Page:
Where a landlord, having obtained a final order for possession for non- payment of rent, then permitted the former tenant to remain in the premises on condition the tenant paid a sum equivalent to rent and towards arrears, the effect was to grant the tenant a new tenancy or a licence enjoying the same protection as under the terminated tenancy, and to require the landlord to obtain a further order of possession before the tenant could be evicted for subsequent non-payment of rent.
The Court of Appeal dismissed an appeal by the London Borough of Brent from the decision of Judge Finestein QC, sitting at Willesden County Court on 19 August 1994, who declared the plaintiff, Diane Sarah Elizabeth Burrows, to be a secure tenant of a flat owned by the council, pursuant to an agreement made between them on 5 February 1992, and granted her a mandatory injunction requiring the council to re-admit her to the flat following her purported eviction.
Bryan McGuire (Paul Barber, Brent) for the council; William Geldart (Daniel & Harris, Kilburn) for the plaintiff.
Lord Justice Auld said Brent, like many local authorities, as a matter of policy gave tenants, against whom a final possession order had been made, a last chance to remain if they entered into an agreement to pay a sum equivalent to rent and towards their arrears. The council apparently thought a final order had more impact than a suspended order in persuading the occupants of its housing to pay their rent. If so, that was only a matter of perception, because a council could execute a suspended order, of which a tenant was in breach, by the issue of a warrant, and without further order, just as it could in the case of a final order.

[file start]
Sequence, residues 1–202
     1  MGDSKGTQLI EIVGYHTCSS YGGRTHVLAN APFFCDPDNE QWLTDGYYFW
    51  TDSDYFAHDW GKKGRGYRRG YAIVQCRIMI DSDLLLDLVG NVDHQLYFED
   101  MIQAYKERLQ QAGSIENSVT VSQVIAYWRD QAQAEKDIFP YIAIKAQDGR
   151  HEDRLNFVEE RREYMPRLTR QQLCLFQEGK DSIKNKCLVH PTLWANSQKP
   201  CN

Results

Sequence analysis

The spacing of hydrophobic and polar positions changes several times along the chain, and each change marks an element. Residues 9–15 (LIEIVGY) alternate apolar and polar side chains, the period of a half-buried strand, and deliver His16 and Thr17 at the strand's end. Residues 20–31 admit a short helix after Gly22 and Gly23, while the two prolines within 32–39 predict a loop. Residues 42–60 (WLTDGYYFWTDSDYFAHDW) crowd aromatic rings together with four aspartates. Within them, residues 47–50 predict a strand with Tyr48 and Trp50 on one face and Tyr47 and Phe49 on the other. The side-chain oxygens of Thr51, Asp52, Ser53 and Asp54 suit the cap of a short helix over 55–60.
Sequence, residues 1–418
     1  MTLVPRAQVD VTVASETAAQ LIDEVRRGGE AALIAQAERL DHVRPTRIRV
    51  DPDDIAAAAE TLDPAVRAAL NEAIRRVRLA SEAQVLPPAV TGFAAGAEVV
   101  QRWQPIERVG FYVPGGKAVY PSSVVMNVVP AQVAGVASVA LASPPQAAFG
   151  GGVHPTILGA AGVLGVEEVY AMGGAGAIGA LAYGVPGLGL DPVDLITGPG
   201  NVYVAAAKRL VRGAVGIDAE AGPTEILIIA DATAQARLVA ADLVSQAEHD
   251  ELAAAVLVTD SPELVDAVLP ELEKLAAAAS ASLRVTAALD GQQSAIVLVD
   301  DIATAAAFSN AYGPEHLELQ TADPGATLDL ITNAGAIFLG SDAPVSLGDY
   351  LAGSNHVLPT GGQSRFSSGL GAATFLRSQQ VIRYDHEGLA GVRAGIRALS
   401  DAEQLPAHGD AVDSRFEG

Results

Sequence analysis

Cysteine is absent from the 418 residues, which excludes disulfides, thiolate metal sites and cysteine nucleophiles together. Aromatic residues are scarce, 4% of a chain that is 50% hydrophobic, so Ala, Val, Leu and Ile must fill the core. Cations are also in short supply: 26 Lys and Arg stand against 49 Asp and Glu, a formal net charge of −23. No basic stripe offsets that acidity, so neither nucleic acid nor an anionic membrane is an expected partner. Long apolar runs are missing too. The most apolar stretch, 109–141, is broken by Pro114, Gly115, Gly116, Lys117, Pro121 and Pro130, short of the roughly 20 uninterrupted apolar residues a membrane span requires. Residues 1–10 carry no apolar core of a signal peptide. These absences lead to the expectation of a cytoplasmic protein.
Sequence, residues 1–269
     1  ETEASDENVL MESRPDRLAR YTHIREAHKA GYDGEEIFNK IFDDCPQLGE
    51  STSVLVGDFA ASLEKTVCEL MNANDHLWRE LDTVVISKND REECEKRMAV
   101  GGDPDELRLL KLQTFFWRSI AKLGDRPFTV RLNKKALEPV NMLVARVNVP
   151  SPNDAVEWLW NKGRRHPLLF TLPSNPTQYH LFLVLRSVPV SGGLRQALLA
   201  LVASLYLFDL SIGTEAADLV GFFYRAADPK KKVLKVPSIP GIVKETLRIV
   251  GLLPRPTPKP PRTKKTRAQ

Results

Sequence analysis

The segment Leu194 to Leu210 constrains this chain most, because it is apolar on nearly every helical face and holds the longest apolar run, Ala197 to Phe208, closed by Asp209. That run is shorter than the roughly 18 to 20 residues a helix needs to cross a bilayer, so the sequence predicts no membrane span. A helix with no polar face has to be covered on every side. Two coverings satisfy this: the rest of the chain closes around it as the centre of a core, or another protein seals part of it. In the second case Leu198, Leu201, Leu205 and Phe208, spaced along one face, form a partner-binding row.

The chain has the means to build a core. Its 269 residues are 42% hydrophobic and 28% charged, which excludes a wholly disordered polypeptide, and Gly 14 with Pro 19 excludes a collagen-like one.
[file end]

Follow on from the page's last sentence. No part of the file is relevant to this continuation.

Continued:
On 29 January 1992, the council obtained a 14-days' final order against the plaintiff for possession of her flat for non-payment of rent and an order for payment of arrears. She was unable to pay the arrears within 14 days but, on 5 February, the council entered into an agreement with her, under which she could continue to live in the flat so long as she paid a sum equivalent to rent and regular payments towards arrears. Had she complied with this agreement, it would have taken her over 14 years to pay off the arrears. But she failed to comply and the council issued a warrant to enforce its possession order.
The judge held that the plaintiff's original tenancy ended as a result of the possession order, but that, without either party having intended it, a new tenancy had been created by operation of law.
Brent appealed, arguing, inter alia, that the agreement was simply to suspend enforcement of the possession order on terms, and involved no intention to create a legal relationship or grant her exclusive occupation.
But his Lordship accepted the plaintiff's argument that the plain intention of the agreement was to permit her to remain in exclusive occupation of the property at a rent, and that it amounted to the grant of either a new lease or a licence to occupy the property. (It was not necessary to decide which, since either entitled her to security of tenure under section 82 of the Housing Act 1985.)
The council's policy thus produced the opposite of what it sought to achieve. Instead of achieving the same result as a suspended order of possession, the effect of obtaining a final order followed by such an agreement was that a former tenant acquired a new tenancy or a licence enjoying the same protection as under the terminated tenancy, requiring a further order of possession before they could be evicted for non-payment of rent.
In contrast, a suspended order remained suspended only for so long as the tenant complied with its terms. The tenant's failure to comply terminated the tenancy and entitled the landlord to execute the order merely by issuing a warrant for possession.
This could not be done in the case of a final order followed by an agreement which amounted to a new tenancy, since the basis for the issue of a warrant for possession ceased to exist following the grant of a new tenancy, and the warrant could only relate to the old, not the new, tenancy. The erroneous use of such a warrant in this case to evict the plaintiff was a breach of covenant for quiet enjoyment, trespass and an unlawful eviction in respect of her new tenancy.
Lord Justice Butler-Sloss and Lord Justice Otton concurred.